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Product listing: EphB6 Antibody, UniProt ID O15197 #12560 to FAM129B Antibody, UniProt ID Q96TA1 #5122

$260
100 µl
APPLICATIONS
REACTIVITY
Human

Application Methods: Immunoprecipitation, Western Blotting

Background: EphB6 is a kinase-defective receptor and member of the ephrin-B family of transmembrane proteins (1). Although lacking kinase activity, EphB6 can regulate cellular functions through its interaction with adaptor proteins and other Eph family members (2). In hematopoietic cells, EphB6 is specifically expressed in the T cell population (3) and functions as an important regulator of T cell receptor (TCR) mediated signaling. Upon binding with its ephrin-B1 or ephrin-B2 ligand, EphB6 modulates TCR activity through inhibition of JNK signaling, reduction of CD25 expression, and decreased IL-2 secretion (4). Reduced levels of cell proliferation and cytokine secretion are seen in EphB6 knock-out mice relative to wild type (5). In conjunction with EphB3 receptor activation, EphB6 suppresses Fas receptor induced apoptosis by triggering the Akt activation pathway (6). Research indicates that decreased EphB6 expression is associated with a higher degree of metastasis in various cancers, including breast cancer (7), lung cancer (8), and neuroblastoma (9). EphB6 is thought to reduce cancer invasiveness through its effect on cell adhesion and migration. Following EphrinB1 ligand binding, EphB6 is phosphorylated by kinases such as Src and another active EphB kinase (2, 10, 11). Phosphorylated EphB6 forms a stable complex with Cbl and initiates Cbl inhibition of cell adhesion (2,11). EphB6 regulates signal transduction through direct interaction with other active Eph receptor kinases, sequestering these EphB6-bound receptors and inhibiting typical signal transduction function (12).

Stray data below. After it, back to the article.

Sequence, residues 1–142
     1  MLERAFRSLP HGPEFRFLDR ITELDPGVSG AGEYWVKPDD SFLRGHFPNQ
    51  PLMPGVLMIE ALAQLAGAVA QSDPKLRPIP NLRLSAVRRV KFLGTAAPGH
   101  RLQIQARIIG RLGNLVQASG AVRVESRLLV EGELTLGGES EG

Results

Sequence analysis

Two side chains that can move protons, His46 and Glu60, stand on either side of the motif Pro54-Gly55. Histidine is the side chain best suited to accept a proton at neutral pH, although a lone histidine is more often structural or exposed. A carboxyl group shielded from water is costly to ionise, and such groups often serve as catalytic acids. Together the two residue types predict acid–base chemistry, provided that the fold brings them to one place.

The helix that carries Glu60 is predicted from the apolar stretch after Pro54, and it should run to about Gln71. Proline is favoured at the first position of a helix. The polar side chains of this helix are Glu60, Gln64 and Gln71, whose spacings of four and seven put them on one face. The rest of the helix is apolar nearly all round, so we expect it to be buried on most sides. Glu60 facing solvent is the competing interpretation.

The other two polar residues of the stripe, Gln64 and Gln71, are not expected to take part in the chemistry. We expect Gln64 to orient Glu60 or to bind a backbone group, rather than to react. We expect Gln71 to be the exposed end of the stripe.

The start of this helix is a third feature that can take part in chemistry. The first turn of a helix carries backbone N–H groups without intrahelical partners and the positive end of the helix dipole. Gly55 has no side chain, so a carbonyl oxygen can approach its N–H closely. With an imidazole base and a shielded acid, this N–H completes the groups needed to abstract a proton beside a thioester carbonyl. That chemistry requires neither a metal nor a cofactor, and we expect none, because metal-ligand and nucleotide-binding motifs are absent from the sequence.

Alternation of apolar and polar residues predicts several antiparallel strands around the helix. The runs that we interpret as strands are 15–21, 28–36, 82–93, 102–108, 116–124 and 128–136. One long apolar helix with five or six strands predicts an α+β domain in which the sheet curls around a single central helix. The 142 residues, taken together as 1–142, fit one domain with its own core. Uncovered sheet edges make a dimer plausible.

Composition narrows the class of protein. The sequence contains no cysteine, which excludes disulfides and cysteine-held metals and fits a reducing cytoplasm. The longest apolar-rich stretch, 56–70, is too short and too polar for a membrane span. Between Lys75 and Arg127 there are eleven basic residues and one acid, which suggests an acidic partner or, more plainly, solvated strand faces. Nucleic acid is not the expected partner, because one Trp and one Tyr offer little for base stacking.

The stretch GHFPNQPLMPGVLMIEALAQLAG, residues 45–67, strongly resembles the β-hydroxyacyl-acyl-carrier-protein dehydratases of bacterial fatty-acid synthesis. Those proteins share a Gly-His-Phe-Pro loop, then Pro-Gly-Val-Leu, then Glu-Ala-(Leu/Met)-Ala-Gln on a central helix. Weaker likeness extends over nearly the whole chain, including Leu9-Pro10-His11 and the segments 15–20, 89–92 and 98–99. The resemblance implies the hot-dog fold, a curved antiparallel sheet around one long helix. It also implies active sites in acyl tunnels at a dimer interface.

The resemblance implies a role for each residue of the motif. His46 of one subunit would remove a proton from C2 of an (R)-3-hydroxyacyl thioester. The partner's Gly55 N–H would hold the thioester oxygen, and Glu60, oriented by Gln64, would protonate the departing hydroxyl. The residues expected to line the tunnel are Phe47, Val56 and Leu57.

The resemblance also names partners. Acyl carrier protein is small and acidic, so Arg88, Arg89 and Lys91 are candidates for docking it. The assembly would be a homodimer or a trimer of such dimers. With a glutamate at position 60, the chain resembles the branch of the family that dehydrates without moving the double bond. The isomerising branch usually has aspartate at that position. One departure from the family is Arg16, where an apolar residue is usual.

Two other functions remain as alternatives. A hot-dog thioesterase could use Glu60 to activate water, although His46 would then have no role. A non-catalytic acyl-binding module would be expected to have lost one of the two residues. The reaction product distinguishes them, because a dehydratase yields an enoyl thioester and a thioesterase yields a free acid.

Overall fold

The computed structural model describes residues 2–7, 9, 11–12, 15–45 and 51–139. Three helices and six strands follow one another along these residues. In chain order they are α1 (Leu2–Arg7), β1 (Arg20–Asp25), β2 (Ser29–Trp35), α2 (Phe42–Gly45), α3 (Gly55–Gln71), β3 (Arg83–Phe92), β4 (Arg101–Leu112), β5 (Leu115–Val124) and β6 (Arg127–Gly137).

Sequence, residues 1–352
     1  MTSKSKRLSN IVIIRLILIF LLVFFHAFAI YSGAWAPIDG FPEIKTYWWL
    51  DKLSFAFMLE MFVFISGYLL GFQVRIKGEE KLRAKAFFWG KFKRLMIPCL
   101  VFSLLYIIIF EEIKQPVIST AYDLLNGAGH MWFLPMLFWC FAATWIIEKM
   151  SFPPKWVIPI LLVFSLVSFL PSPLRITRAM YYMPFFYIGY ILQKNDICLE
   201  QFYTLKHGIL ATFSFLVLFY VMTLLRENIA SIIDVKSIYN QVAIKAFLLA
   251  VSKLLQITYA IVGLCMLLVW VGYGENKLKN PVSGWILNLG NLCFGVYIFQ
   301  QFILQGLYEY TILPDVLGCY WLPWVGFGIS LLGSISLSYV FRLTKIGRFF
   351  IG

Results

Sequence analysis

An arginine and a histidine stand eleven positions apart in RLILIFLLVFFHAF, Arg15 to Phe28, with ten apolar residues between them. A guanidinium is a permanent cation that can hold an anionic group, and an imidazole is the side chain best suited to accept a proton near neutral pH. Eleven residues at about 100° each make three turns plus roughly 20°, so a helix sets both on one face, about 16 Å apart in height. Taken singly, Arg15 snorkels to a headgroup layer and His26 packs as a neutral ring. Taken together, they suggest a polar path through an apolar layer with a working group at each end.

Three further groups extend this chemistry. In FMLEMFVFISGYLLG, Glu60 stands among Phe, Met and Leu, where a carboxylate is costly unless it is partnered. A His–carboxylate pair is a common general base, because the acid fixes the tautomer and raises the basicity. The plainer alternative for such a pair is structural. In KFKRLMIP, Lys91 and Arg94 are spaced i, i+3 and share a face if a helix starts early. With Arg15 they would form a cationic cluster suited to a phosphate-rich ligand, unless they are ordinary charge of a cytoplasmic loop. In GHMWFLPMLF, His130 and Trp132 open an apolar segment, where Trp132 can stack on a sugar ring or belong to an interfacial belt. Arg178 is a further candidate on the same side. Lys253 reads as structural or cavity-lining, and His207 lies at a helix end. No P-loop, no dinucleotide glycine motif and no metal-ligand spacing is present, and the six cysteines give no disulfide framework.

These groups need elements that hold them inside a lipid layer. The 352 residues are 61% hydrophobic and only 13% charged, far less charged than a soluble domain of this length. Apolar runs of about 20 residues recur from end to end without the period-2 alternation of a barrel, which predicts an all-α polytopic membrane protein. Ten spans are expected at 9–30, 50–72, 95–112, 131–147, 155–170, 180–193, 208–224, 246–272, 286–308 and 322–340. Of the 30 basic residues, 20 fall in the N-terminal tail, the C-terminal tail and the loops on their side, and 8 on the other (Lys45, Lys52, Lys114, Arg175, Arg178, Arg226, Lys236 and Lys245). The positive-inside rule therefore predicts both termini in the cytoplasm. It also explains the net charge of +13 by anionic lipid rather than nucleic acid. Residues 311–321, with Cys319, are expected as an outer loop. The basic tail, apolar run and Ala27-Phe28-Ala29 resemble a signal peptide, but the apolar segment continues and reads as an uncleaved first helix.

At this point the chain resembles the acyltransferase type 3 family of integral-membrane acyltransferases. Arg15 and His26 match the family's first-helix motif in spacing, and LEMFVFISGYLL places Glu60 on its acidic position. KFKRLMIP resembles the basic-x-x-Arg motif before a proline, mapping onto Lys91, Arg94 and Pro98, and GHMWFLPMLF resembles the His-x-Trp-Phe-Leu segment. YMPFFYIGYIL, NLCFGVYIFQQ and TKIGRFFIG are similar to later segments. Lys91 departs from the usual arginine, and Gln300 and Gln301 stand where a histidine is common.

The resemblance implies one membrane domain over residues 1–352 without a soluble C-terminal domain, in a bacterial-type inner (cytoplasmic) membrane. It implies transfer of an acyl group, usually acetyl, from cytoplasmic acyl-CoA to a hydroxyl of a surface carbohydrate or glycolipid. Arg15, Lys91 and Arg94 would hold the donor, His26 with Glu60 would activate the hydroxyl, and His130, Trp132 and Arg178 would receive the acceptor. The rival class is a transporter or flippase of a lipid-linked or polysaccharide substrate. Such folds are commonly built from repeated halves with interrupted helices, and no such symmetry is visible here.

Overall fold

$260
100 µl
APPLICATIONS
REACTIVITY
Human, Mouse, Rat

Application Methods: Western Blotting